Hearing to challenge decision not to implement Windrush recommendations to be heard tomorrow

Deighton Pierce Glynn Solicitors are acting for Trevor Donald, in a judicial review claim, taking place tomorrow, 23 April to 24 April 2024 in the High Court before Mrs Justice Heather Williams.

The claim concerns the recommendations made by Wendy Williams, the Windrush Lessons Learned Review (WLLR) Independent Adviser, in her Windrush Lessons Learned Review report, which looked into reasons why the Windrush scandal happened. Ms Williams made 30 recommendations which the Government said it would implement. This promise was given in Parliament on various occasions and in a document they produced called the Comprehensive Improvement Plan (CIP).

However, in January 2023 the Government announced, in a ministerial statement in Parliament, that it would not proceed with three of those recommendations: Recommendations 3, 9 and 10. These say:

Recommendation 3 – In consultation with those affected and building on the engagement and outreach that has already taken place, the department should run a programme of reconciliation events with members of the Windrush generation. These would enable people who have been affected to articulate the impact of the scandal on their lives, in the presence of trained facilitators and/or specialist services and senior Home Office staff and ministers so that they can listen and reflect on their stories. Where necessary, the department would agree to work with other departments to identify follow-up support, in addition to financial compensation.

Recommendation 9 – The Home Secretary should introduce a Migrants’ Commissioner responsible for speaking up for migrants and those affected by the system directly or indirectly. The commissioner would have a responsibility to engage with migrants and communities, and be an advocate for individuals as a means of identifying any systemic concerns and working with the government and the ICIBI to address them.

Recommendation 10 – The government should review the remit and role of the ICIBI, to include consideration of giving the ICIBI more powers with regard to publishing reports. Ministers should have a duty to publish clearly articulated and justified reasons when they do not agree to implement ICIBI recommendations. The ICIBI should work closely with the Migrants’ Commissioner to make sure that systemic issues highlighted by the commissioner inform the inspectorate’s programme of work.

In the instant claim, Mr Donald challenges this decision to not proceed with the recommendations on the basis that:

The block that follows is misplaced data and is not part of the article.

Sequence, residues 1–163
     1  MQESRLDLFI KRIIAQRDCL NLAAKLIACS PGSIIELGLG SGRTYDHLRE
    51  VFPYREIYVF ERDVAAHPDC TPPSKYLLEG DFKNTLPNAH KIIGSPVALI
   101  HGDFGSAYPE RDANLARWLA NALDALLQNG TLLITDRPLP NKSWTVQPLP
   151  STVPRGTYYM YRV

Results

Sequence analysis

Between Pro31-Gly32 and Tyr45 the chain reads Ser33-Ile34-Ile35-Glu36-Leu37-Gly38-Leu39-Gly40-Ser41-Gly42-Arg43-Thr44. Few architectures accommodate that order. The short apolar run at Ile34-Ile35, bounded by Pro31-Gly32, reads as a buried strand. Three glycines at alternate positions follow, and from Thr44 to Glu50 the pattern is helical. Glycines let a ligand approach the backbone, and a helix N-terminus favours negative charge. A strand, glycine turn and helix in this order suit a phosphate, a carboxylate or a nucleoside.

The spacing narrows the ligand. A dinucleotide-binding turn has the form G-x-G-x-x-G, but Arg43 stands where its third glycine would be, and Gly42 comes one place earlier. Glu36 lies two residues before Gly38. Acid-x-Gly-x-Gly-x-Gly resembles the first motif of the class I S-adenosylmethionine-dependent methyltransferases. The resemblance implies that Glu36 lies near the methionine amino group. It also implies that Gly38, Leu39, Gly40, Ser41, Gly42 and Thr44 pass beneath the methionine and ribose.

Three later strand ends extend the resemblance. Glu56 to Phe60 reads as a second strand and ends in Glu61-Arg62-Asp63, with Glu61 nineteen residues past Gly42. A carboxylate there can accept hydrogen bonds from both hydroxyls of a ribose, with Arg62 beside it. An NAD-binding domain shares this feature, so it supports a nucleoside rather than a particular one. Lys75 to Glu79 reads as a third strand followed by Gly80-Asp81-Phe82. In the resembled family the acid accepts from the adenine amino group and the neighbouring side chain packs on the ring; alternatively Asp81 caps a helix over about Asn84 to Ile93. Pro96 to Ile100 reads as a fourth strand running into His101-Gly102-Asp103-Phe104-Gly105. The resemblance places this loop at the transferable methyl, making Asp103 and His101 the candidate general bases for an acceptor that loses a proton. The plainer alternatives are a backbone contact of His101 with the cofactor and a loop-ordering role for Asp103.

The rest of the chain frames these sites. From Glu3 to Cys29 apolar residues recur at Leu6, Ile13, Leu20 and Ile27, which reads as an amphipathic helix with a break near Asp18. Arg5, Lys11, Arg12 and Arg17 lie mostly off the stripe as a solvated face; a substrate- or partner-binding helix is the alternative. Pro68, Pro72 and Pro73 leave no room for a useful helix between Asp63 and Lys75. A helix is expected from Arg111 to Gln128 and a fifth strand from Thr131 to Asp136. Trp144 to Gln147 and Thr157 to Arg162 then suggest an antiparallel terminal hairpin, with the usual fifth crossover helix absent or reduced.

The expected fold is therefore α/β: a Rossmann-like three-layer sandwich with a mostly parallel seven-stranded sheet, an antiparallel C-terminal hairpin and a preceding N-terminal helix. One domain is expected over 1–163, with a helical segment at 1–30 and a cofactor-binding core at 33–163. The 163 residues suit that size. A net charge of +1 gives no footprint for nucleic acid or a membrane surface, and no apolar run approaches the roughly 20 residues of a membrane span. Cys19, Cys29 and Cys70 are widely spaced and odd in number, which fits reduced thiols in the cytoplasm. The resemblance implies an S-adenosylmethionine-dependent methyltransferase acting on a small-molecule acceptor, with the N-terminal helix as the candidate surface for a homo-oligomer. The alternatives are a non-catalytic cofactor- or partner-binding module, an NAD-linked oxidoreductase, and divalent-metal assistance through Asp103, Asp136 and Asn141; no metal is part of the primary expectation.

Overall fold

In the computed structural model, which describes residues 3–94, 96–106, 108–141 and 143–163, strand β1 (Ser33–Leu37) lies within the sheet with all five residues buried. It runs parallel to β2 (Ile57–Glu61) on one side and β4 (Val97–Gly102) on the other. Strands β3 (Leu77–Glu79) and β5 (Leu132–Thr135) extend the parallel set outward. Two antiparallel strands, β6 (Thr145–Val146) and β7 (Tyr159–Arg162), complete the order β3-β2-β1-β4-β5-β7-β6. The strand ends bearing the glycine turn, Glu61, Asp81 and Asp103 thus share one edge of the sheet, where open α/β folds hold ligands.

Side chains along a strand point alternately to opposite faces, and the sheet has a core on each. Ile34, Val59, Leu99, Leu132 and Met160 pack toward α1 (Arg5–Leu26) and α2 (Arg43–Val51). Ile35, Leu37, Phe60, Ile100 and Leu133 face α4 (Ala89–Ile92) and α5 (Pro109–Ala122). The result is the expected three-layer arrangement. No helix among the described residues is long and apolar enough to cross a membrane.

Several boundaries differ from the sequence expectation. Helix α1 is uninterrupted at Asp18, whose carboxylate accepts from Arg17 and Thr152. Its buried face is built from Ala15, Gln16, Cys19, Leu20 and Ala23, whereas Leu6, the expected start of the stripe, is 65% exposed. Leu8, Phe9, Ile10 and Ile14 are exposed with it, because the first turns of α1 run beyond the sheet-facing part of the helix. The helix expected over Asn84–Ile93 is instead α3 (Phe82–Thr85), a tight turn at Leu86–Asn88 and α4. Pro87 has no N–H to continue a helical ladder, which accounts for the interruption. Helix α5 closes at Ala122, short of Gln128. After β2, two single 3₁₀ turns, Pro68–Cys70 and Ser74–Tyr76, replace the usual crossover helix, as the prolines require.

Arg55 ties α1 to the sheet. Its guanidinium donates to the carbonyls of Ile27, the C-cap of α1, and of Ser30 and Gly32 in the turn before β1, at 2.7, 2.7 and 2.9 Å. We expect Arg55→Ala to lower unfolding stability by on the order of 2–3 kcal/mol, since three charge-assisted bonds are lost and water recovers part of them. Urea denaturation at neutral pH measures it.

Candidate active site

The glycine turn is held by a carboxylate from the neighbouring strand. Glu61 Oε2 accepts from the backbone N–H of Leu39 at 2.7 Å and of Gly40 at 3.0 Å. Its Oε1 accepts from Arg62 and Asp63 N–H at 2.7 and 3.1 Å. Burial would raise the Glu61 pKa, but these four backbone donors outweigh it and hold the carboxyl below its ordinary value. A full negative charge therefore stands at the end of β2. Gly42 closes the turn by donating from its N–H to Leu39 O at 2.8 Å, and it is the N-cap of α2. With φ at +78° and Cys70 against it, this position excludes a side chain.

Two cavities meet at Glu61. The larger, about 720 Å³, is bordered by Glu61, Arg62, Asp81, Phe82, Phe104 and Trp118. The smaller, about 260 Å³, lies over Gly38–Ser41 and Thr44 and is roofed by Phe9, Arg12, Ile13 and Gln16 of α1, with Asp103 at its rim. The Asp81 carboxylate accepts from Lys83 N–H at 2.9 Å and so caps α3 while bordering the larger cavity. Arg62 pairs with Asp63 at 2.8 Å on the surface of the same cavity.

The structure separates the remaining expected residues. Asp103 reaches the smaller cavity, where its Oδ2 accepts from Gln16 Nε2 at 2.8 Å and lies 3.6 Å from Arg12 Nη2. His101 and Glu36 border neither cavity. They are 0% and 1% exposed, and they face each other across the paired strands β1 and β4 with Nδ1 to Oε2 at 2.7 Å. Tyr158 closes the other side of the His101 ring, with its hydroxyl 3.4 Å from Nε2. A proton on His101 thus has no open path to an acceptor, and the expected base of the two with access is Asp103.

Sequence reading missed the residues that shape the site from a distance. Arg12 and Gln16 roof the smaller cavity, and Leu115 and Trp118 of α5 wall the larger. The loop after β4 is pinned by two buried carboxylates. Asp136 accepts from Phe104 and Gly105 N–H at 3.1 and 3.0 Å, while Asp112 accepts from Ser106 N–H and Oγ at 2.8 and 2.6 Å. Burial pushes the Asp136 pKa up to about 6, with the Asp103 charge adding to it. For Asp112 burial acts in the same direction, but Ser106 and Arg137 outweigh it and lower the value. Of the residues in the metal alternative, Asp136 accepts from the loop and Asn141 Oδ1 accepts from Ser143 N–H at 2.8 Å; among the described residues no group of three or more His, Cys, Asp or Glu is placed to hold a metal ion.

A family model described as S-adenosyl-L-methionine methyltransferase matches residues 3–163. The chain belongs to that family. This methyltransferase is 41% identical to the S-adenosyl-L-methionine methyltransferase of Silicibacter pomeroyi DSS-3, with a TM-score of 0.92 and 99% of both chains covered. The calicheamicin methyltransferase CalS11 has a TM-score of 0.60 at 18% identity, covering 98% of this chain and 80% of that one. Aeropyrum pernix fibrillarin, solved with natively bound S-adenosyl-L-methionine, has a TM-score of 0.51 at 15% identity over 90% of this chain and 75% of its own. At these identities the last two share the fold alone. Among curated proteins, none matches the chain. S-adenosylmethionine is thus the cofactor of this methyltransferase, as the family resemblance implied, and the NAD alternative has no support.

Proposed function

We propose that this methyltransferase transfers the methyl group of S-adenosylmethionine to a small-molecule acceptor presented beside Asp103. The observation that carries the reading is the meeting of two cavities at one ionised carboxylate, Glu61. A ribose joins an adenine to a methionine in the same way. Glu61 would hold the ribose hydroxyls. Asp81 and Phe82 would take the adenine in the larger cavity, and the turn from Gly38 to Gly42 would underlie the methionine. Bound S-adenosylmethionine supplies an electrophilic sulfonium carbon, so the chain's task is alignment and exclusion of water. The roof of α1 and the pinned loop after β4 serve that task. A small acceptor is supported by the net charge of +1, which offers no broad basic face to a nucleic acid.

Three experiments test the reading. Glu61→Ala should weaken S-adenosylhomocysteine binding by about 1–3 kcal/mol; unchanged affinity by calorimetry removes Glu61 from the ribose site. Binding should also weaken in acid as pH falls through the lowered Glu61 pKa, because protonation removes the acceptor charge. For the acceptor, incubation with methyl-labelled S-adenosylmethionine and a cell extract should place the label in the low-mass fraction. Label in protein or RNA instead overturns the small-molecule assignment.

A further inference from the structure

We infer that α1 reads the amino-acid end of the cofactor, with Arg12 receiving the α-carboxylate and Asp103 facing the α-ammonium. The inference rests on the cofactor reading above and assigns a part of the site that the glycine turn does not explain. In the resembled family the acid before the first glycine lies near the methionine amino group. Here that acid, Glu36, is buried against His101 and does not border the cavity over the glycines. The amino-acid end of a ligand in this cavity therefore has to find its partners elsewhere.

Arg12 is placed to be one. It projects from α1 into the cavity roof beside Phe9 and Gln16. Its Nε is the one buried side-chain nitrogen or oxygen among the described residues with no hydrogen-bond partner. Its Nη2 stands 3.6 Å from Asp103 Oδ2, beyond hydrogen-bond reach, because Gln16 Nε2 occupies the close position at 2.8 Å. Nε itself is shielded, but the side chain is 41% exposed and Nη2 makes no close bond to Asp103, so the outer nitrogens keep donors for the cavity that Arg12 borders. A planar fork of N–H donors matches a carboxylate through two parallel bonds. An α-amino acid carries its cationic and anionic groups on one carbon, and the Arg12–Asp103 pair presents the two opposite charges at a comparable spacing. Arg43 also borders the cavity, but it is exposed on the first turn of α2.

1. Although he accepts that the Government is at liberty to take the steps it needs to, in the public interest, such action must be fair. However, in circumstances where the Government has repeatedly undertaken to implement all the recommendations, thereby creating an expectation it will do just that, then decides not to act on that undertaking, and fails to provide any meaningful justification, that amounts to a breach of a legitimate expectation.
  2. The decision not to implement the recommendations is discriminatory in nature on the basis on grounds of race and status as a victim of the Windrush scandal.
  3. The decision breaches the Home Office’s duty of inquiry which in circumstances like this, where the recommendations were made following the exposure of a scandal affecting a cohort of society, identifiable by reason of their race and status as victims, there needed to be proper inquiry into how not proceeding with implementation of the recommendations would impact on them; and an inquiry into how the decision sat against the Home Office’s admission that mistakes were made in the handling of Windrush cases, that it had learnt lessons from the scandal which it wished not to repeat and was open to scrutiny. Crucially, the decision not to implement the recommendations was made without the knowledge of Wendy Williams, the author of the review report and recommendations.
  4. That in making the decision the Home Office have failed to comply with its public sector equality duty. This duty required it to consider, as a start, that the recommendations arose from exposure of a scandal adversely affecting the Windrush cohort and to consider how not proceeding with the recommendations would impact on that group; and if it concluded that the impact would be adverse, to show how it planned to mitigate or eliminate that adversity.

The Claimant is represented by solicitors, Dr Connie N Maina Sozi and Olivia Duffield, and counsel team Phillippa Kaufmann KC, Grace Brown and Elaine Banton.

The court has granted the following organisations permission to intervene:

  1. Black Equity Organisation, who are represented by Public Law Project and counsel: Nicola Braganza KC of Garden Court Chambers, Bijan Hoshi, PLP and Christian Davies of 11KBW.
  2. UNISON, who are represented by counsel: Karon Monaghan KC and Eleanor Mitchell of Matrix Chambers.

The Speaker of the House of Commons has also been granted permission on the issue of parliamentary privilege, specifically whether the court has jurisdiction over statements made in parliament by ministers such as were made in this case not only to deliver the decision not to implement the recommendations but also the statements earlier in support of the recommendations; and in giving the undertaking to implement them.


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